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Living in The “Last Frontier,” even harder than a lot of Americans are aware of this.
Attorney General William Barr on Friday named a public safety and security in the Alaska, thus, the Justice Department was able to allocate more than $10 million towards the fight against violent crime in some of the state’s rural communities.
In many areas, and in a timely manner in the enforcement of the law, responses to gender-based violence, child abuse and other violent crimes can be very difficult.
ALASKA SUPREME COURT RULES STATE’S SEX OFFENDER REGISTRY LAW IS UNCONSTITUTIONAL
A 2013 federal report said that at least 75 of Alaska’s Native communities, had not the officers of the law. The tribes have complete authority to the police department since 1971, the Alaska Native Claims Settlement Act of power, Reuters reported.
Because of Alaska’s vast size (663,268 sq mi), it can take hours for the state troopers to reach a small village that is a crime that is being reported.
Tribal leaders have said the bodies of victims of gender-based violence, it may be necessary to have boats or planes to reach the health facilities in the more densely populated areas, the Associated Press reported.
Barr had visited Alaska at the end of May in order to get an idea of the problems of the people of Alaska are dealing with.
AG BARR IS TAKING A MILITARY TRANSPORT PLANE WITH THE HELP OF THE ALASKA NATIONAL GUARD
“In May, when I visited Alaska, I witnessed first-hand account of the complex, which is unique, and that they enforce the law to challenge the state of Alaska, and remote Alaska Native communities are faced with,” Barr said in his Judiciary statement. “With this emergency declaration, I’m directing resources to where they are most needed, and needed immediately in support of the local police’s response to Alaska Native communities, where the people have to deal with extremely high rates of violence.”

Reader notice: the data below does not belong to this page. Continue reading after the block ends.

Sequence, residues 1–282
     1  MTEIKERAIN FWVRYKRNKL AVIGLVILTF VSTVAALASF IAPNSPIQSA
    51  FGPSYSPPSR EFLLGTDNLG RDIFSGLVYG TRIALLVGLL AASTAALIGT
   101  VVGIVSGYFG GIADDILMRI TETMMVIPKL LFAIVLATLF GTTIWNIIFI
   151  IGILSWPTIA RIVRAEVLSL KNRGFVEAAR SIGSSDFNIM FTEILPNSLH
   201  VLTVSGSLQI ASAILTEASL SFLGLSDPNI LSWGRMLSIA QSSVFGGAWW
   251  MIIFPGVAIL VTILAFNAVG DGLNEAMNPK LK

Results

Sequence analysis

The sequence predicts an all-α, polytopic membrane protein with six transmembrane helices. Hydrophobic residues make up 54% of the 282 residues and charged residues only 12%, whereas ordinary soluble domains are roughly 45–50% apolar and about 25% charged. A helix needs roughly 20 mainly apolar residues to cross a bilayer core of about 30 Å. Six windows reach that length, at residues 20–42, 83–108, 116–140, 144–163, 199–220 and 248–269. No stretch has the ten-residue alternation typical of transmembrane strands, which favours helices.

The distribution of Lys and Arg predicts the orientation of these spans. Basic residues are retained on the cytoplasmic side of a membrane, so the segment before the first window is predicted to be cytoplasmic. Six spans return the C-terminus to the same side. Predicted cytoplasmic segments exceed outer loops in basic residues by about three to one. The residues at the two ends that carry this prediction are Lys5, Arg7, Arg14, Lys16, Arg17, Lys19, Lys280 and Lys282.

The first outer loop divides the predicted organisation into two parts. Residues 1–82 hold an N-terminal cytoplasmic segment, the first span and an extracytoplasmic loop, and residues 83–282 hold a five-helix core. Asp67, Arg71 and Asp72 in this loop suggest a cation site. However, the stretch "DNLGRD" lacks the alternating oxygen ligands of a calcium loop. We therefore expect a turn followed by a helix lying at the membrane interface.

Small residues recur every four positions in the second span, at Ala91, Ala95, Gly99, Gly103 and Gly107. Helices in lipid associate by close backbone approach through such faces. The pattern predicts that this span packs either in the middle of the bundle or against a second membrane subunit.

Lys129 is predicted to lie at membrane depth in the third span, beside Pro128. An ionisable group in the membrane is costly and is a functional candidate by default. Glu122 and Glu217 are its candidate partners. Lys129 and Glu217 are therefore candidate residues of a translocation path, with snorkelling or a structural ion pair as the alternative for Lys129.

Barr and other officials visited the communities of Galena, Bethel and Napaskiak on the 31st of May, the Anchorage Daily News reported.
Alaskan members of Congress said they were pleased with the attention, Barr headed in the direction of the state.
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United states. Rep. Don Young, Alaska Republican, who lives in Fort Yukon, a small community above the arctic circle, he said that he was glad to hear that Barr had been released for it.
“I will warn people, though, because money doesn’t solve the problem,” the 86-year-old said Friday. “It has to be acknowledged that this is a problem that must be addressed by the support provided by the communities themselves.”
The Associated Press contributed to this story.